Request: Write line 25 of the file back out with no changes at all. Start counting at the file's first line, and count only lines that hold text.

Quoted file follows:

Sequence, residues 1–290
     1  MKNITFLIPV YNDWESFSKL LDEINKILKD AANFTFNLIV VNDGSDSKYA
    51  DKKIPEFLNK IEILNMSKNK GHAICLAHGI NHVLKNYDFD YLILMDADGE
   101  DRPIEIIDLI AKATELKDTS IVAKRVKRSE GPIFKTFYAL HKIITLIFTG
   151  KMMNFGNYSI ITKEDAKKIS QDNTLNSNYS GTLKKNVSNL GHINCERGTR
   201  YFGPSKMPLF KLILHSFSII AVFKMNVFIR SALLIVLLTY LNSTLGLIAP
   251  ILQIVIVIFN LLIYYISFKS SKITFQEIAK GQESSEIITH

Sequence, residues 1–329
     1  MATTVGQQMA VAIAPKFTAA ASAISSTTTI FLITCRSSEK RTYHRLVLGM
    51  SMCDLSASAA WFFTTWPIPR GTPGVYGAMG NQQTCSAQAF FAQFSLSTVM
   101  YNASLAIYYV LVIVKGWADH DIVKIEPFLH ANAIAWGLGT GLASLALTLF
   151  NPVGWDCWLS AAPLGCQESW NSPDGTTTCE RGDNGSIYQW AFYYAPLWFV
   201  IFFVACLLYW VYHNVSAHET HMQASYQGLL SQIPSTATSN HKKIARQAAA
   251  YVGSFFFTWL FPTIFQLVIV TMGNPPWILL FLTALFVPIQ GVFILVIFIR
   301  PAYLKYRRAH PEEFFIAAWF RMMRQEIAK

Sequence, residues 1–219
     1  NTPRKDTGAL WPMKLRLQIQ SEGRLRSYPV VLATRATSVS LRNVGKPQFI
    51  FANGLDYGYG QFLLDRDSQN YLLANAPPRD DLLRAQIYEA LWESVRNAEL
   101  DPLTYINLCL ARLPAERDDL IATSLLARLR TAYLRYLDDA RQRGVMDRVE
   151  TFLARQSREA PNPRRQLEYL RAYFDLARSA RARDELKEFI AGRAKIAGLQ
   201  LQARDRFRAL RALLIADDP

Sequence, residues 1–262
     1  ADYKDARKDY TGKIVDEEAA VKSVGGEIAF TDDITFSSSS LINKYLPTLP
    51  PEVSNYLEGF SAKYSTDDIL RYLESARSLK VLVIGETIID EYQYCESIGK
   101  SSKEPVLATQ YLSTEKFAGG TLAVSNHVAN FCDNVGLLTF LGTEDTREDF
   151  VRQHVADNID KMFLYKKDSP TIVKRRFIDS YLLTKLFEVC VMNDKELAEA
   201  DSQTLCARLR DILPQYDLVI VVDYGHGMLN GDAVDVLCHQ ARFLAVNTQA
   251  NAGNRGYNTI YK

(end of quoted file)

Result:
   101  SSKEPVLATQ YLSTEKFAGG TLAVSNHVAN FCDNVGLLTF LGTEDTREDF